Thursday, December 18, 2003


I can still hear the ringing in my ears as the Europress, the New York Times, and the Washington Post screamed about President Bush's "bullheaded" decision to restrict prime contract bidding in Iraq to those countries that were part of the coalition. That the President would then send Jim Baker to ask these same countries to forgive Saddamite Iraqi debt represented stupidity of the worst order.

What do these pundits say now that France and Germany have both agreed to play ball (from the Washington Times lead editorial today)?:
The most revealing word in the New York Times' otherwise estimable article yesterday, reporting on Mr. Baker's success, was in the following sentence: "[the agreement] comes despite Washington's move to bar the two countries from bidding on ... contracts in Iraq." We would suggest that the word "despite" should more aptly have been replaced with "because of." In other words, the judicial use of American power tends to advance, not diminish, our interests. It is clear that Mr. Bush will continue to use our economic, military and diplomatic power. Much of next year's political debate will revolve around exactly that point: Is there efficacy in asserting our power, unilaterally if necessary, or should international consensus be a pre-condition for action? How news organizations answer that question will shape much of next year's journalistic coverage of the presidential contest.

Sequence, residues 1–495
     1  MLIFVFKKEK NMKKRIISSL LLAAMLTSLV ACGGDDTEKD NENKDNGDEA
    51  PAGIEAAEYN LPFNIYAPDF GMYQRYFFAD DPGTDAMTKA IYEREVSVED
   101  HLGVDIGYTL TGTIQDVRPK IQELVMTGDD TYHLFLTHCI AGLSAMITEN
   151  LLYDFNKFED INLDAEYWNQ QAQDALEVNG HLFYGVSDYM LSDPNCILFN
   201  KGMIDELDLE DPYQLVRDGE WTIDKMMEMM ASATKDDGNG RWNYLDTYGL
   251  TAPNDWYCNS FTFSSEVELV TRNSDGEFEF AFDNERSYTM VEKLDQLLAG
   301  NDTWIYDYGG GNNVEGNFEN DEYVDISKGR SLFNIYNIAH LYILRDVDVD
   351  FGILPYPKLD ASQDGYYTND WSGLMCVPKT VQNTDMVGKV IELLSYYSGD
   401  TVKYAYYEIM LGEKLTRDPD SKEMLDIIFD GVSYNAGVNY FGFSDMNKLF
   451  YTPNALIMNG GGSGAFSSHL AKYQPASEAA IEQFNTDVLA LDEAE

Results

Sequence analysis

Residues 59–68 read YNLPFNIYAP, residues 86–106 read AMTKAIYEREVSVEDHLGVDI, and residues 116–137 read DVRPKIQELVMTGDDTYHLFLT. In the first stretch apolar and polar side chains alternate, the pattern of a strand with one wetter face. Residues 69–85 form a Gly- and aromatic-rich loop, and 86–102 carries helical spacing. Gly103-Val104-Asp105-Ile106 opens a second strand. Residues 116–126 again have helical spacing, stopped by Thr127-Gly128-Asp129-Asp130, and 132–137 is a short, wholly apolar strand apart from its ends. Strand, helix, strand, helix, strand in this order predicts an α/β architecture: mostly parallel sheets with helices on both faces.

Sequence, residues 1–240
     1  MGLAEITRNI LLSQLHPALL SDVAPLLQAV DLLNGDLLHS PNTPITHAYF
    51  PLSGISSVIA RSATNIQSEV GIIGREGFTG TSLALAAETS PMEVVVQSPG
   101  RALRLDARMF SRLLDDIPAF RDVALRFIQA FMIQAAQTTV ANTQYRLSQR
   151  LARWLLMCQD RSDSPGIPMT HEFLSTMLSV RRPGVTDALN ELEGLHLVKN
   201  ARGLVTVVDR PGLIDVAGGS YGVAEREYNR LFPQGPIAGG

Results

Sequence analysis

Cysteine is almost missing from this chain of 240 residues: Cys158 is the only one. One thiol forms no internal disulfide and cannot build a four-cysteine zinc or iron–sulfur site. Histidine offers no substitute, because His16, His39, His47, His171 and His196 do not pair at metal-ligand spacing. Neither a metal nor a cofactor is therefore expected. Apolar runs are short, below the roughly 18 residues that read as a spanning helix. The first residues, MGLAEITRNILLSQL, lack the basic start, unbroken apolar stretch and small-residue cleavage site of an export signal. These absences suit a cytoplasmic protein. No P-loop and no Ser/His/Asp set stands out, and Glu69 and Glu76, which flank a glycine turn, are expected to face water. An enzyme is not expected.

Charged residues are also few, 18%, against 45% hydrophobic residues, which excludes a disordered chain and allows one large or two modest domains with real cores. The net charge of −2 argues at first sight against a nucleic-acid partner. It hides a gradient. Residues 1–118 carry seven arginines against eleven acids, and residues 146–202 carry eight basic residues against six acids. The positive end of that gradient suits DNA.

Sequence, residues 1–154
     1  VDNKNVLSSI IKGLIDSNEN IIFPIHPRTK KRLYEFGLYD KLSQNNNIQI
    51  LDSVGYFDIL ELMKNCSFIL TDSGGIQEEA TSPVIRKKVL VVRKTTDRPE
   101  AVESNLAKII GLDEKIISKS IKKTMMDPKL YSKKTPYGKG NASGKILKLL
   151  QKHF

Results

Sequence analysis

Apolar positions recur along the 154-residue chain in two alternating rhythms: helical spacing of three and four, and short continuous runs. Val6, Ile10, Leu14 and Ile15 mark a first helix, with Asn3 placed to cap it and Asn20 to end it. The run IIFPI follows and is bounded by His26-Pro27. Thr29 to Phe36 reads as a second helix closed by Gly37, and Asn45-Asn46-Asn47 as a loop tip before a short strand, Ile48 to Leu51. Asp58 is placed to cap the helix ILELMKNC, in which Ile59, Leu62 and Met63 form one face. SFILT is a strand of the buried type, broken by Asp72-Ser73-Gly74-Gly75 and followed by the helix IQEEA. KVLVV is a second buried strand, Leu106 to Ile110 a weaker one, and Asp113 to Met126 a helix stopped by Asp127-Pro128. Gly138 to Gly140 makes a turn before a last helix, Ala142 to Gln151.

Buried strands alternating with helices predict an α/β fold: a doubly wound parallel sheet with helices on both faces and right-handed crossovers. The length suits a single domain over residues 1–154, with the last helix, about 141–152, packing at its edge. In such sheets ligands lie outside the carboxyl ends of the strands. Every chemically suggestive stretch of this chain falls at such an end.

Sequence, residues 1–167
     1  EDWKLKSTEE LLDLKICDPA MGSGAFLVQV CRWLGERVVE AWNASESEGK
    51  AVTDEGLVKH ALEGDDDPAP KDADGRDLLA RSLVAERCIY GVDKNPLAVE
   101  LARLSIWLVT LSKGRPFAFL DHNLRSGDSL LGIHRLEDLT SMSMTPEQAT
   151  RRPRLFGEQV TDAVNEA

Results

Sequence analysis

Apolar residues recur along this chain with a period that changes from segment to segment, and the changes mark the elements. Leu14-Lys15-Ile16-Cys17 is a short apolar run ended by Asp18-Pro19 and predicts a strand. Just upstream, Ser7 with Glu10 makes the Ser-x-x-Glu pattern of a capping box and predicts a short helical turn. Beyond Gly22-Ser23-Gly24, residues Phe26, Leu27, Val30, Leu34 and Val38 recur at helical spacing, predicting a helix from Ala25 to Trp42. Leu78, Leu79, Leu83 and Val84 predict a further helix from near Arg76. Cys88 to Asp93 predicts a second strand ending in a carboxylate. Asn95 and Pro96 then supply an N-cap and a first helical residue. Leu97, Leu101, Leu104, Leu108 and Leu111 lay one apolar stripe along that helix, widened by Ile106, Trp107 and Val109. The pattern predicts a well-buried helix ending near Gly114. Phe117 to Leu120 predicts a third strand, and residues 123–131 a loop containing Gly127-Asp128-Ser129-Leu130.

Right on.

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